In addition to our usual cups of green tea while seated at the sushi bar, we perused the wine/sake/cocktail list. It would really be one of the only times we'd be looking at a menu at Ichimura as all meals are chef’s choice (i.e., omakase) tailored to personal preferences. I had a glass of sparkling wine --  an organic crémant
 soufre -- without sulfats) produced by 
Zusslin from Alsace,
 France with no vintage -- while Lisa had the Japanese cucumber with Almond cocktail -- Bombay Sapphire East gin with lime and roasted coarse ground almond. My crémant
 was a bit on the dryer side (not much residual sugar), but it went nicely with the pieces of sushi later on in the evening (cut through the richness, for sure). Lisa's cocktail was a delicious choice, as it was refreshing without being too "raw" tasting and the hint of almond grounds coating the rim added an interesting nuttiness to it. Definitely having that the next time I find myself at Brushstroke!

Before we made any headway with sushi or sashimi, Chef Ichimura began each of our omakase meals with a traditional zensai, i.e., an appetizer plate, consisting of several cold and warm bites lined up on an oblong dish. While the common belief is that sushi chefs don't do any cooking (only preparing and pressing sushi), Chef Ichimura makes the zensai and other cooked dishes.

{1} Beginning from the right, we sampled a generous helping of (aankimo, i.e., monkfish liver, topped with freshly grated wasabi. Though Lisa is no stranger to ankimo, it was actually my first time tasting it. It was love at first bite -- as rich as a lobe of foie gras (no wonder it is sometimes referred to as the "foie gras of the sea"), only without being overly fatty or oily, it melted like a soft and smooth paté. I cannot wait to have it again! Next came (bgiant clam with pickled vegetables from Kyoto. The giant clam was favorably crunchy and snappy, and the pickled vegetables were delicate yet tasty. Then we had marinated (cmaitake mushrooms in plum sauce -- earthy and light.

{2} Overlapping in both photos at the left is the (d) gobo, a root vegetable. Very much like a turnip texture and nutty in taste. (e) This next item  is an ingredient for which I am still trying to figure out because I couldn't catch the name from Chef Ichimura. It had a firm, hard spongy texture (almost like snappy styrofoam) and tasted very much like a dryer jellyfish. Topped with bonito flakes, these bites were really good -- the bonito flakes really brought out its otherwise blander parts. Next up we had seared (fchu-toro marinated with a spicy yuzu sauce. Not a disappointment one bit -- lightly citrus and rich, savory flesh. Saving the best for last was (g) a block of uni -- not sure what it was made from other than sea urchin roe, but it had the consistency of miso paste or firm tofu. It was really interesting to experience, and I would say that this would be the best way to introduce newbies to uni. The taste here was less intense and certainly less briny, two aspects of the echinoderm responsible for its naysayers.

The next portion of the meal was the sashimi omakase. We were given a granite slate  platter with shredded turnip and carrots, sea salt, and freshly grated wasabi (Chef Ichimura grated a stump of wasabi root against a sharkskin paddle) along with a dish of his very own soy sauce. We had a choice of season each piece of sashimi with soy sauce OR with a sprinkle of sea salt.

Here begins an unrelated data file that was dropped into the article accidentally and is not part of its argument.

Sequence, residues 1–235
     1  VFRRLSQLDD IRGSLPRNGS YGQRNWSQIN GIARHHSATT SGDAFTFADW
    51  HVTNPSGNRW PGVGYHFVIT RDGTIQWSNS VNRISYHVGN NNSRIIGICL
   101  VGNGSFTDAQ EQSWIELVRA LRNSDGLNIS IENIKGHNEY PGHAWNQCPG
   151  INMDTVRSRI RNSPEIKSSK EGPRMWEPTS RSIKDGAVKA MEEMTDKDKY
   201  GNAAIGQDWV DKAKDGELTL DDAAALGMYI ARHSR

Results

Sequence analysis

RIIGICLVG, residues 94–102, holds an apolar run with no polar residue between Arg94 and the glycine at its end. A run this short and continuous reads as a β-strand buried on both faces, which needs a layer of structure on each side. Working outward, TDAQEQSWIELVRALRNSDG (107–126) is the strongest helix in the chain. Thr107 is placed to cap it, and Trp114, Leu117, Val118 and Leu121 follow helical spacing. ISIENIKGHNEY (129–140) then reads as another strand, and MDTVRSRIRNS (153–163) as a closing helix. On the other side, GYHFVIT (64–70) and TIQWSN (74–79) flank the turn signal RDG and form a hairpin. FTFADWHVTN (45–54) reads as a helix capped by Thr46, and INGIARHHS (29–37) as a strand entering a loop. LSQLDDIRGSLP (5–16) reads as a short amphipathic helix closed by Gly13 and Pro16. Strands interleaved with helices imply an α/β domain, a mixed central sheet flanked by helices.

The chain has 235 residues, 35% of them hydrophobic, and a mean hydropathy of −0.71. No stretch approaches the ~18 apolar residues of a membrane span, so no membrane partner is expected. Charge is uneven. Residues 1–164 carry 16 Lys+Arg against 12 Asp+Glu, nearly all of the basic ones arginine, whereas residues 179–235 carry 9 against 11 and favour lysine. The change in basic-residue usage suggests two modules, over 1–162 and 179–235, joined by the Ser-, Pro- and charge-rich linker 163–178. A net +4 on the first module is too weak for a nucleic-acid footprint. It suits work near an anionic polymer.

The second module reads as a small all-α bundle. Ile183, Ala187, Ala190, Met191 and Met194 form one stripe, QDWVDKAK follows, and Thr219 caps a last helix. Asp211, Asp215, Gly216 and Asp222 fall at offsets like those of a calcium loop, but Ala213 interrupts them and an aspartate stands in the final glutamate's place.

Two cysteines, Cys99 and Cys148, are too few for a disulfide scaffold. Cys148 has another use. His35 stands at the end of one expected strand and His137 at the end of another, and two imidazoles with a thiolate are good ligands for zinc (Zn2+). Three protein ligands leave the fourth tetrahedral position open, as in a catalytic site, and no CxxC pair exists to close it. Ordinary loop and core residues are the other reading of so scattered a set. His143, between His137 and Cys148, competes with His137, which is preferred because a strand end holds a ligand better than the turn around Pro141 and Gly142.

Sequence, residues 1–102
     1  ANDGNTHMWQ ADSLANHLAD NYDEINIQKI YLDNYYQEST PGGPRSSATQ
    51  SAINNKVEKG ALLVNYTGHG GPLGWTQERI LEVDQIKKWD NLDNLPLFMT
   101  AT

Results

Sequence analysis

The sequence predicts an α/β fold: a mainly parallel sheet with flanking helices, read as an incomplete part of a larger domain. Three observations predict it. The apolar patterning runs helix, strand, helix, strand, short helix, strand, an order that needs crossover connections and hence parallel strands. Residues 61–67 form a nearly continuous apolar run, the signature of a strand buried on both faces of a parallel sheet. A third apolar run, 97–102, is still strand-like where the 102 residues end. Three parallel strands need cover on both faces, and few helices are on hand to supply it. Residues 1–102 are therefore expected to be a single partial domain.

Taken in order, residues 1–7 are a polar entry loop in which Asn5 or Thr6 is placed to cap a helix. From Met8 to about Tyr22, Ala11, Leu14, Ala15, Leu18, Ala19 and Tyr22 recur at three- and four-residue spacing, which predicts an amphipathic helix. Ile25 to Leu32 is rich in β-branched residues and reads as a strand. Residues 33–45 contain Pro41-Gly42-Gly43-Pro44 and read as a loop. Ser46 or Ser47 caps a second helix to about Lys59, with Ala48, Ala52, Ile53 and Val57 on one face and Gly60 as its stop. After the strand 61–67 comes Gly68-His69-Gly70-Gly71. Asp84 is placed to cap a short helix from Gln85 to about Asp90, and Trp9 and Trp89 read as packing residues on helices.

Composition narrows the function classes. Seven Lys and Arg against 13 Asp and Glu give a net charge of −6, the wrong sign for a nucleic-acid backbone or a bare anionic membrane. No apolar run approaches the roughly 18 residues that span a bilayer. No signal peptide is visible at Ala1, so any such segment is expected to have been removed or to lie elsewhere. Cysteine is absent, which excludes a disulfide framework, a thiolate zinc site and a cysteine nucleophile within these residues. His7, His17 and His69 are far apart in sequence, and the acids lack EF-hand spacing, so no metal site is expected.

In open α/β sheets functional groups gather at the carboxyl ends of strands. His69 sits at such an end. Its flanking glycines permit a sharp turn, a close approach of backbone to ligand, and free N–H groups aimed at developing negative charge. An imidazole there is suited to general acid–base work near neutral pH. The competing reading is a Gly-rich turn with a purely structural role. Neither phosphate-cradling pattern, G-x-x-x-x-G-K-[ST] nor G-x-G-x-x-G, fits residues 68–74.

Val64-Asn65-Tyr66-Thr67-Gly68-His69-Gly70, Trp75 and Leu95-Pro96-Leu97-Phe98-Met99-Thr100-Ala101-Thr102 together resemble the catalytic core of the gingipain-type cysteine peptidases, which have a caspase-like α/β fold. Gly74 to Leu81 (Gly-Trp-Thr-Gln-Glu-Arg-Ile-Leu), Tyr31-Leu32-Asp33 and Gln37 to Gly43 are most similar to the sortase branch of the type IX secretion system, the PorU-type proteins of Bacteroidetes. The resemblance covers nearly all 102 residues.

Chef Ichimura "makes a compelling case against the common belief that the finest sushi is the freshest. Like a steakhouse, Ichimura at Brushstroke dry-ages some of its best ingredients to concentrate their flavors and accentuate their sugars." Chef Bouley is also "captivated by the potential of aged fish and is already using the techniques at his flagship, Bouley, across the street."

{1} The first pieces of sashimi included (starting from the right) (a) hirame (fluke), (b) hamachi (yellowtail), and (c) tai (snapper). The fluke was a little too chewy for my taste and the snapper was creamy but stringy, while the yellowtail was perfect -- very soft and melty. {2} The fourth pair was a type of (d) anchovy, a fish I've never had raw before. It was fascinatingly fishy in a way that wasn't at all repulsive -- quite surprisingly how much flavor can be packed in these thin little things. {5} The next few pieces included (starting from the left) (e) chu-toro (medium fatty tuna), (f) o-toro (fatty tuna), and (g) mirugai (giant clam or geoduck). The two toros were awesomely marbled with rich fat. One touch on the palate, and the fatty tuna quickly dissolved and melted away to a surprisingly savory sweetness. The mirugai was even crunchier than the one we had sampled with the zensai -- it was crisp, fresh, and clean. Though with a subtle taste, the geoduck is all about a delicious texture.

We had informed Chef Ichimura that we were in fact uni enthusiasts (though at this point, let's face it -- we are pretty much devotees), and boy, did he deliver! {3} He served us a miniature, gilded bowls of the freshest uni (sea urchin roe). They were plump, rich, buttery, and luscious -- the equivalent of echinoderm nirvana for those who live to eat these tongues. He hadn't disclosed from where these sweet, sea marigolds came, so Lisa and I speculated and rounded up our guesses. They weren't briny in the least -- a characteristic we've come to know too well when it came to identifying those from Maine. We were so sure that these had to be from Santa Barbara -- it was the only logical explanation. So imagine our dumbfounded expressions when he stated they were in fact from Maine. Lisa and I were blown away, concluding that Ichimura at Brushstroke must've gotten them fresh and cracked them open in-house. It could explain the drops of natural water contained in the bowl because if they had been served from the typical trays, the lobes would be dryer. Nevertheless, the uni at Ichimura were hands down the best we've had from Maine. {4} The last pieces of the sashimi omakase was tako (octopus), which we both found to be a little too chewy and peculiar in texture. I think I prefer the steamed/poached octopus as sashimi/sushi as opposed to raw. There seems to be more to it when prepared that way.